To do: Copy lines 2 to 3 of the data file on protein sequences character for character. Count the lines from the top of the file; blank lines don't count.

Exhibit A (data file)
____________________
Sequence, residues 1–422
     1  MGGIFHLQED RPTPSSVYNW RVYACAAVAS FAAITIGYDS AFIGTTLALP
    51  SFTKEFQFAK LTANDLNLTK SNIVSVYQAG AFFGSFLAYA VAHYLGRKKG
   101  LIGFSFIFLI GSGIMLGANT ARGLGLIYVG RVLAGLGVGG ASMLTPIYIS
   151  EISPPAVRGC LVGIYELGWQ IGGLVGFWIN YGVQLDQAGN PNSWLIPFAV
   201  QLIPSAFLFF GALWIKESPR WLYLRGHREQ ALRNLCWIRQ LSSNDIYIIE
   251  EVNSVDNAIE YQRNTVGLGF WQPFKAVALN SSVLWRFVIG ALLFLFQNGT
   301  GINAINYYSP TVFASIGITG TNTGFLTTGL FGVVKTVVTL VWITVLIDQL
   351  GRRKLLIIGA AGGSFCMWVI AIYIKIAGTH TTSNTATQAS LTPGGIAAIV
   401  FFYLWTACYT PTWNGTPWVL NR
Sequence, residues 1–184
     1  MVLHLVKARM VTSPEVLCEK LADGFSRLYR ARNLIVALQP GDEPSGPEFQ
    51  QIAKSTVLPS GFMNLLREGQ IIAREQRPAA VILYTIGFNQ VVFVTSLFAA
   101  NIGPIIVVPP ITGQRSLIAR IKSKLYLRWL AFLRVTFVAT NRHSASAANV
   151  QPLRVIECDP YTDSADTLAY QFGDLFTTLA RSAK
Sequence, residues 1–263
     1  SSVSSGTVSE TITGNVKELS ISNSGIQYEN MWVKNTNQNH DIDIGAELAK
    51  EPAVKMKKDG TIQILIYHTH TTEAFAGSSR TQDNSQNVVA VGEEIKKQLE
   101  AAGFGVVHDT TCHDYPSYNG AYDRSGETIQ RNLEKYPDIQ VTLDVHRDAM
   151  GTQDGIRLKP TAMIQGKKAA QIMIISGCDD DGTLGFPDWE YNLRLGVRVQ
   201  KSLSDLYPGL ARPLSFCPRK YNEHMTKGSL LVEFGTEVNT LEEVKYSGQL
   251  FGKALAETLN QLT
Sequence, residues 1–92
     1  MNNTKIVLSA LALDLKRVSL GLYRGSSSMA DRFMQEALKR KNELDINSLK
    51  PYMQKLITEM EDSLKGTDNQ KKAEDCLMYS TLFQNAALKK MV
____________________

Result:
     1  MGGIFHLQED RPTPSSVYNW RVYACAAVAS FAAITIGYDS AFIGTTLALP
    51  SFTKEFQFAK LTANDLNLTK SNIVSVYQAG AFFGSFLAYA VAHYLGRKKG